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June 4th, 2006

The Phone Book: A Tough Sell

I walk by a couple of El stops on my way to and from work every day, and I’ve noticed a new set of ads up for… the phone book.

Just ten years ago, the Yellow Pages were a fairly easy sell, don’t you think? All of your local businesses in one book. Now, the combination of the internet, cell phones, car nav devices, and donuts has pretty much made the Yellow Pages obsolete. The only people I can see still using the Yellow Pages are people who choose not to use the internet, or people who are temporarily without access to the internet… and that number is getting smaller, I’d guess.

So how do you sell the phone book? I know the current ads are basically promoting how easy they are to use and, without the internet as an option, I suppose that’s true. And I know that as a kid I used to pore over the maps, because I love maps. So maybe those maps should be… really spiffy ones? With easy-to-read type and lots of icons?

I admit, when I started this Ping I thought I’d come out of the gate with a ton of options for AT&T, obviously a company that’s hurting for money and ideas. (Well, maybe just the latter.) But I’m a bit unsure. How do you sell a phone book in 2006?

Posted in Everyday Life

FROM: COD [E-Mail]
DATE: Sunday June 4, 2006 -- 10:43:11 am
Another issue - the yellow pages are huge cash cows for the phone companies. They are insanely profitable. I assume that the profitability is being squeezed a bit these days, but they had plenty to give.

We are still getting phone books from 3 different publishers. I do keep one on the kitchen, primarily because we don't have a computer in the kitchen, yet.

I've noticed at the dump that the phone book recycling container is usually full, and many of the phone books are still in the plastic wrapping. It looks like many people take them straight from the driveway to the dump.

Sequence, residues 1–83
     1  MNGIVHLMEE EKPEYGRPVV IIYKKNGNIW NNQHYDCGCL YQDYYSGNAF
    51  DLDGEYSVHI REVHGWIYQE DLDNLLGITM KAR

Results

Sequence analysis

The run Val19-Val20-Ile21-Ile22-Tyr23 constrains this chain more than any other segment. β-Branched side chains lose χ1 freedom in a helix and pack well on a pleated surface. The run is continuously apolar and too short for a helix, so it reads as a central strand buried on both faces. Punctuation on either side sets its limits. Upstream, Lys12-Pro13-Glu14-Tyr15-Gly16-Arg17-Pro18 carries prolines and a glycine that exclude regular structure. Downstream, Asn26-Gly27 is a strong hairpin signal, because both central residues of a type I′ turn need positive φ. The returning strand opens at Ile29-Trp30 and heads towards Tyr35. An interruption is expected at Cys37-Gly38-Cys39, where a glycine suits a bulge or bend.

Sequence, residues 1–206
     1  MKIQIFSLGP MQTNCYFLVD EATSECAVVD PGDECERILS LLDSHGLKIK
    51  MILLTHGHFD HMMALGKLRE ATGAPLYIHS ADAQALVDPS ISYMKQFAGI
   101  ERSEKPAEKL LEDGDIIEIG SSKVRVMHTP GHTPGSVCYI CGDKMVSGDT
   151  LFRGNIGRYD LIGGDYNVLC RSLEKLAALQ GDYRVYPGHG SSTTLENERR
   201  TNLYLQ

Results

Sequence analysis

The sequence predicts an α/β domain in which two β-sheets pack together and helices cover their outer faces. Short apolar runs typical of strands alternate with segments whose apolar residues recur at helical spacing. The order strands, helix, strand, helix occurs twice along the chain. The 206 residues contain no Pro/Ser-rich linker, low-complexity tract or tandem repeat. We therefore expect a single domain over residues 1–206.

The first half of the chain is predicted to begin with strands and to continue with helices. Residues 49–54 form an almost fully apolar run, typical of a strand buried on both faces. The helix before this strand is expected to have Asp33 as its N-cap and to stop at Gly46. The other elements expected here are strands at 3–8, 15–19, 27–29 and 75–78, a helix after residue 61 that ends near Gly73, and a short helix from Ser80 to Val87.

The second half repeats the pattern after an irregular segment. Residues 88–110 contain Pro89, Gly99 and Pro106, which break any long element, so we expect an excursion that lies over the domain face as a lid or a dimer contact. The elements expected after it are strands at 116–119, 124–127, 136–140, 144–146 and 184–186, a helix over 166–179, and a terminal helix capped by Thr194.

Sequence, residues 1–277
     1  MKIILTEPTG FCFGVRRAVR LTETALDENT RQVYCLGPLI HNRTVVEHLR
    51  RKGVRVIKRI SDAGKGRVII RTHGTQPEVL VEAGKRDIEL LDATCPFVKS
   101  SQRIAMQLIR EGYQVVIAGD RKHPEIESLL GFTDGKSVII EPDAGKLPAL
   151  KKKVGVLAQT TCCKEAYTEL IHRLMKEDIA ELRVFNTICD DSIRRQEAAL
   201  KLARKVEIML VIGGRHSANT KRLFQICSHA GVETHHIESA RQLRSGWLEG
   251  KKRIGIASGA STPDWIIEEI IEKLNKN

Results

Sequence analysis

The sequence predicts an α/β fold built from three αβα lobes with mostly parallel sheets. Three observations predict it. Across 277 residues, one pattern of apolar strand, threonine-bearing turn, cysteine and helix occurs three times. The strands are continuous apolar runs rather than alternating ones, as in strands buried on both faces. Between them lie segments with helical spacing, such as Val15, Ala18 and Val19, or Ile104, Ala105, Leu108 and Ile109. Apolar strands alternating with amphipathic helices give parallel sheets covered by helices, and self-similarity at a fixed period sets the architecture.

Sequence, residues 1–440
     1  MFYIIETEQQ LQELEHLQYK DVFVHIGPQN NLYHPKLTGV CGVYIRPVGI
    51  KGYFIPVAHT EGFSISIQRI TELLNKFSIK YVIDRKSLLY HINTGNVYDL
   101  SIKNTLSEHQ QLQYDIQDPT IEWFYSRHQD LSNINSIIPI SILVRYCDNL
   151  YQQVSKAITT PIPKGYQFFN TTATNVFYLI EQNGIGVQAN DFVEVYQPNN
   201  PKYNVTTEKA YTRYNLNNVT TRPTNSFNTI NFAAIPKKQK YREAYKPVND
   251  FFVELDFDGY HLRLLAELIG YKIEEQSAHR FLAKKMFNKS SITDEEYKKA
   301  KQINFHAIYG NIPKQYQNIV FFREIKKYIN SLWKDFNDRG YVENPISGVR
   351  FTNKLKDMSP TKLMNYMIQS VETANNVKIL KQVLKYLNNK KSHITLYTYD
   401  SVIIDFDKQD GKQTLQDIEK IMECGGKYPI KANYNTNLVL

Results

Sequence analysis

FROM: Merle [E-Mail]
DATE: Sunday June 4, 2006 -- 10:46:05 am
Was it the Yellow Pages, or merely a Yellow Pages? For the latter they advertise heavily.

In this day and age, I rely on the Yellow Pages for two things. At home, for finding local shops, since sometimes the internet doesn't filter things very well. I live in one of several "Oakland"s. And while travelling, I rely on it for addresses and lists of restaurants, since I have no wireless notebook.



FROM: Paul
DATE: Sunday June 4, 2006 -- 6:10:59 pm
This was the Yellow Pages. But I've seen ads for a Yellow Pages all the time; that's why this was a little more noteworthy.



FROM: Monica
DATE: Sunday June 4, 2006 -- 10:13:17 pm
I don't have a computer at home. And if I did, I bet I could find something in a phone book faster than it'd take to boot up a computer and log in.

There seem to be more coupons in the dern thing, but without any related marketing "check your phone book for valueable coupons!" (Or in Minnesota, "que-pons.")



FROM: Dave Walls [E-Mail]
DATE: Monday June 5, 2006 -- 11:57:22 am
What is this "phone book" you speak of?

I don't think I've actually used one in over 5 years now. Between
a web browser and my cell phone, I'm a lot faster at that than flipping between pages 1421 and 1679.



FROM: Merle [E-Mail]
DATE: Tuesday June 6, 2006 -- 11:31:24 am
The yellow pages have always been a source of misery for me. I want to find a gas station? It won't be under "Gas Stations", or "Fill-up Stations", or any of ten things I think. It will turn out to be under "Services - Automotive - Petrol" or something bizarre and freaky like that.

I like having one for the restaurant/menu section. That's about it. For everything else, there's google.



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